Remove mouldy or infested books. If the books are dry, immediately place them in a plastic bag. Seal it and seek the help of a paper conservator. If the books are wet, immediately place them in a plastic bag, seal it and put the bag in a freezer. Seek the help of a conservator. If the mould infestation is large or extensive, seek professional advice.

If books get wet, from a flood or from leaking broken pipes, it is important to act as quickly as possible. Mould can begin growing within 24 hours. Freeze-drying is the preferred option for collections, but this should be done by professional paper conservators. If you have dropped a book into your bath or gotten it wet under a sprinkler in your backyard, gently fan open the book and stand it on absorbent material that is changed as it becomes wet. As the book dries, turn it upside down. Reduce humidity, keep heat low and increase air circulation. (You can use a fan, but do not point it directly at the book.)

On old paper, you may notice reddish-brown or brown spots (called foxing). This is common if paper is stored for long periods in humid conditions. Foxing is thought to be caused by mould. Consult a conservator about what to do.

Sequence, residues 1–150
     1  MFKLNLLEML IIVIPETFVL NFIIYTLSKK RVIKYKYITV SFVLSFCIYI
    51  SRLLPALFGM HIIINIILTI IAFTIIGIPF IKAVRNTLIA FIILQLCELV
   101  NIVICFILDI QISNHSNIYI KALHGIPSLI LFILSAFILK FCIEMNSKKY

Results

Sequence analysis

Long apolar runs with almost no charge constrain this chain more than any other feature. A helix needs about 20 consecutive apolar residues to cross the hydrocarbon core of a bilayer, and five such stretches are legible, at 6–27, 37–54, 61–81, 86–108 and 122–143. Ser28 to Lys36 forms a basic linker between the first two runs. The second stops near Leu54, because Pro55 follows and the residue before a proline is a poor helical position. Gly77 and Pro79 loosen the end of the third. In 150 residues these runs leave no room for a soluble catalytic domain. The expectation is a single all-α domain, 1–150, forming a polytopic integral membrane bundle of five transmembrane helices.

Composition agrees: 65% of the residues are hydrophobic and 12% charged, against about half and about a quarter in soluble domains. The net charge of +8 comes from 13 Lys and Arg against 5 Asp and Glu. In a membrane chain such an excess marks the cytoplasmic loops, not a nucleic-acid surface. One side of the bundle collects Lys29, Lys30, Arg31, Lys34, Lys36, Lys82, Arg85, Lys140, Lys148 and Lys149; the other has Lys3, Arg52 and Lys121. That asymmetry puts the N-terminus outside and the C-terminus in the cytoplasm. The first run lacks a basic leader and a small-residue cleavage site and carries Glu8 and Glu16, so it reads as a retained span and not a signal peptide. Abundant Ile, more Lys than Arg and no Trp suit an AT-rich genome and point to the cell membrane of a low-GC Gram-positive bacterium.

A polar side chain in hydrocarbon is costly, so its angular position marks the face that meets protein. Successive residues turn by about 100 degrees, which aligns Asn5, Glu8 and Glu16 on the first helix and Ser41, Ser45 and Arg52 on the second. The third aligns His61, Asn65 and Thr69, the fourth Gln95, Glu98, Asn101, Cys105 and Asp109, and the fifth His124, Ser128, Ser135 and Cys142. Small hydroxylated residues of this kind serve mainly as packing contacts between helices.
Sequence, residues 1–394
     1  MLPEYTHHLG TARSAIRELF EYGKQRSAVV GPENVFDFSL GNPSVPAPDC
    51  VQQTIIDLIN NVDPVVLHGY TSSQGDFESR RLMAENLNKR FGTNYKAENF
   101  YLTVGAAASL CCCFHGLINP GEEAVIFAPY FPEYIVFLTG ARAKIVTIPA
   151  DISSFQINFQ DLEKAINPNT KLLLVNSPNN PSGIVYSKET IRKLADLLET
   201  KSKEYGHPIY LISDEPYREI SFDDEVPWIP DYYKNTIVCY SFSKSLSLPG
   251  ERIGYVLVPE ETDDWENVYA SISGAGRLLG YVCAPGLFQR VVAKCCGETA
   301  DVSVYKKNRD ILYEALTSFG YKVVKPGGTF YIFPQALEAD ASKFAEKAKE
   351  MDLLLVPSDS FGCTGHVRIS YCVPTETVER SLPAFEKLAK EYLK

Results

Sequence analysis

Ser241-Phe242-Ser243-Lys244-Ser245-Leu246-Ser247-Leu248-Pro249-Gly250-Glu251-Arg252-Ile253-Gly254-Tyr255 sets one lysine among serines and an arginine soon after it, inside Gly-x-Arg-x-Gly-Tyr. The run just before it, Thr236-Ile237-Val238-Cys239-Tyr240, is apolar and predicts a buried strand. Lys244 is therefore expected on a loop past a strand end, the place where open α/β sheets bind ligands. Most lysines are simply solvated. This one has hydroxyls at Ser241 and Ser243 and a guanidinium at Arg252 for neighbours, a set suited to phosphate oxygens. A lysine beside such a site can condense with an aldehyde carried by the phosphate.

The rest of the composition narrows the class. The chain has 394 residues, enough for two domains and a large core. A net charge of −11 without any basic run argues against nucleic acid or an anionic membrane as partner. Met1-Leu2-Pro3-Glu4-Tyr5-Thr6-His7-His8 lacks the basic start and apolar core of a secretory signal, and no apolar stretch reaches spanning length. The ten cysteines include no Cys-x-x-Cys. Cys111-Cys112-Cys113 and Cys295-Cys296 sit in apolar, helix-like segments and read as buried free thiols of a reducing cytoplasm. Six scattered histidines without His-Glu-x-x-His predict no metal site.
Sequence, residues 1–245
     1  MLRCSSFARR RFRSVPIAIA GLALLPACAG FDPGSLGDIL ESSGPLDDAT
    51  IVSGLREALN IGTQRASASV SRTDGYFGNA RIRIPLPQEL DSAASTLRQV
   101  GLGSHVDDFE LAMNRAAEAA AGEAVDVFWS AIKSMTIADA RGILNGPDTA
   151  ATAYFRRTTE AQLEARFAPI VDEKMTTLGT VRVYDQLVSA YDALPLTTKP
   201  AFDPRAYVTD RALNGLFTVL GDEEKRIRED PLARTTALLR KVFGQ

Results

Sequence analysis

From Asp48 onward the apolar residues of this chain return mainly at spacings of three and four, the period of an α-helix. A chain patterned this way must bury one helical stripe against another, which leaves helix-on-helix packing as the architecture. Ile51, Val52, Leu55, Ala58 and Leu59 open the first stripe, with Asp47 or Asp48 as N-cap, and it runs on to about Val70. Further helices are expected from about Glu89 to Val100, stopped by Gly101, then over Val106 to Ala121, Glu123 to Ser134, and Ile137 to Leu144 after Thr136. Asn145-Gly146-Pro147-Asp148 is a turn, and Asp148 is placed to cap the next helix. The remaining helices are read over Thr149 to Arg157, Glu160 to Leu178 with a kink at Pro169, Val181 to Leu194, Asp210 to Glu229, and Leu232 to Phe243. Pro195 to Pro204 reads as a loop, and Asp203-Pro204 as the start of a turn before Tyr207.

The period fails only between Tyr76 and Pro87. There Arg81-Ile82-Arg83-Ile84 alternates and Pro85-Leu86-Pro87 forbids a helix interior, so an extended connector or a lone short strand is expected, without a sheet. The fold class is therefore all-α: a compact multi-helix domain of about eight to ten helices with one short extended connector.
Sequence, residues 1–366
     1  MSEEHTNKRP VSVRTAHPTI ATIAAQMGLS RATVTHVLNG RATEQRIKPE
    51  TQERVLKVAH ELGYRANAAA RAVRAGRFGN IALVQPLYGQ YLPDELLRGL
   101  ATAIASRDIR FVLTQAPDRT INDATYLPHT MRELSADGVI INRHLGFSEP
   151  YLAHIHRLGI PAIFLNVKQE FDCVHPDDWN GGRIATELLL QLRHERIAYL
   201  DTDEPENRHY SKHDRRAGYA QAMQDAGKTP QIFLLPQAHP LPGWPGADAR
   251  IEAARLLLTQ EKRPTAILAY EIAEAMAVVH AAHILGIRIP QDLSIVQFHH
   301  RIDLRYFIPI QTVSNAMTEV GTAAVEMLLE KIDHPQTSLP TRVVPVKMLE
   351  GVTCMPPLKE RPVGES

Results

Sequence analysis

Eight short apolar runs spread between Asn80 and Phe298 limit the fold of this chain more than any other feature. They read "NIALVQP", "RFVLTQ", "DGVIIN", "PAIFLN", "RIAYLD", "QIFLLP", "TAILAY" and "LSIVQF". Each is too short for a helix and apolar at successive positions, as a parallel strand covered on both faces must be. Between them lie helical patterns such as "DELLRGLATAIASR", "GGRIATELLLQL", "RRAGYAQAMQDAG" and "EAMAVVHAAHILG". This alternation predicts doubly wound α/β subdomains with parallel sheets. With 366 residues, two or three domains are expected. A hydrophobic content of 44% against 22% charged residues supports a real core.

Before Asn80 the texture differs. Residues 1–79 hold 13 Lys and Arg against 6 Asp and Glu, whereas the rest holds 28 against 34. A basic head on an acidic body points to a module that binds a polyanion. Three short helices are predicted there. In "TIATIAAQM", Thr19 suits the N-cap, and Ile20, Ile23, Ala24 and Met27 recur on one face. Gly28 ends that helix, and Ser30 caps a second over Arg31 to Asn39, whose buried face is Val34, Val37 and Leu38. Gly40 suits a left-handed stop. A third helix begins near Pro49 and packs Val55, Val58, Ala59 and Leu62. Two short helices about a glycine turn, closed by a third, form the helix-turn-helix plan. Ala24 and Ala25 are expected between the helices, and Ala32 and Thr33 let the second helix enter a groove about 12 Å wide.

Iron gall ink

Some inks used in old books are harmful to paper. During the 19th century, iron gall ink was common. It contains acid. When books with iron gall ink are stored in humid conditions, the acid in the ink attacks the paper, creating holes where words were printed.

Spines and joints of a book

Arguably, the most vulnerable parts of books are the spines and joints. Do not use pressure-sensitive tape (scotch tape, carpet tape or adhesive tape). They discolour, damage paper as they age, leave permanent stains and are nearly impossible to remove without damaging the surface. It is best to consult a professional. Wrap the damaged volume in a piece of acid-free paper and tie it with a soft piece of twill tape until conservation treatment or rebinding can be undertaken.

Torn or ripped pages

Torn pages are a relatively common problem. Temporary repairs can be done with commercial archival tape. However, most of these contain synthetic adhesives that, when removed, may damage the page. To deal with severe tears, consult a paper conservator who will use Japanese tissue paper and a paste made of wheat or rice starch to do the repairs. This is a safe procedure that also can be reversed.

Contact information for this web page

These resources were published by the Canadian Conservation Institute (CCI). For comments or questions, including reproduction requests, contact the CCI.